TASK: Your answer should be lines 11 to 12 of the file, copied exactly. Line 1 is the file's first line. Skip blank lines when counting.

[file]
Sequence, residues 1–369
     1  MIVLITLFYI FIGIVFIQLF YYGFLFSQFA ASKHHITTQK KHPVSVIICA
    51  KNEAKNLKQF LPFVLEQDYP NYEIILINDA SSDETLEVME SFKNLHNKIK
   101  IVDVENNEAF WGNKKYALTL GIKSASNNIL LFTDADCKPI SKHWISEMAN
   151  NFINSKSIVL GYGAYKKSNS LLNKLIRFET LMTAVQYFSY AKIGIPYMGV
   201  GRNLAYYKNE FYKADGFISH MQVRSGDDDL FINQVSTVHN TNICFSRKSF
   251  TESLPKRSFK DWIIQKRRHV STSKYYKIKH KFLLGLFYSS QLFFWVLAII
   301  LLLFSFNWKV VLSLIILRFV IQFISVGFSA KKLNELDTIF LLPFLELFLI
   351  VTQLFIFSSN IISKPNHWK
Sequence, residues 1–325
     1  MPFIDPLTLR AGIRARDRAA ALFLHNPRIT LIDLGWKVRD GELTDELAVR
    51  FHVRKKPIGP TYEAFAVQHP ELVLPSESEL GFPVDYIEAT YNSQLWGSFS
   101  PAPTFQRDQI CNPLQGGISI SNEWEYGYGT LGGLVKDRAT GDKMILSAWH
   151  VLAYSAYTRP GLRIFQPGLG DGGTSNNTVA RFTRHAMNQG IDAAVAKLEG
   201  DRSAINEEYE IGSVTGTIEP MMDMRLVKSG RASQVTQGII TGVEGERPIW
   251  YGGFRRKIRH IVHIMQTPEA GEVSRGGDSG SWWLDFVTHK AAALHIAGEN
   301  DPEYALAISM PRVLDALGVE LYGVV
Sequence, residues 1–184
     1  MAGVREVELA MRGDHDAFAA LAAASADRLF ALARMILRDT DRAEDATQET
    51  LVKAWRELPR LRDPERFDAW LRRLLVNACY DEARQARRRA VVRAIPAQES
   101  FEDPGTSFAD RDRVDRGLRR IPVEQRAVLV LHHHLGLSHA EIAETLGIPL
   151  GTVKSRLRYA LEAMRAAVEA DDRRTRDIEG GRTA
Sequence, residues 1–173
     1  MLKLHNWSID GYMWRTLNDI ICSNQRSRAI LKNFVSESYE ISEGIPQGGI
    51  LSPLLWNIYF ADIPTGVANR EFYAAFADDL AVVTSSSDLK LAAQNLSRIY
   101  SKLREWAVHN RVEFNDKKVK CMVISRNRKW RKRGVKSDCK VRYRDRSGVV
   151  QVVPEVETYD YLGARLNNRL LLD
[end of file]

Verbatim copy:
     1  MPFIDPLTLR AGIRARDRAA ALFLHNPRIT LIDLGWKVRD GELTDELAVR
    51  FHVRKKPIGP TYEAFAVQHP ELVLPSESEL GFPVDYIEAT YNSQLWGSFS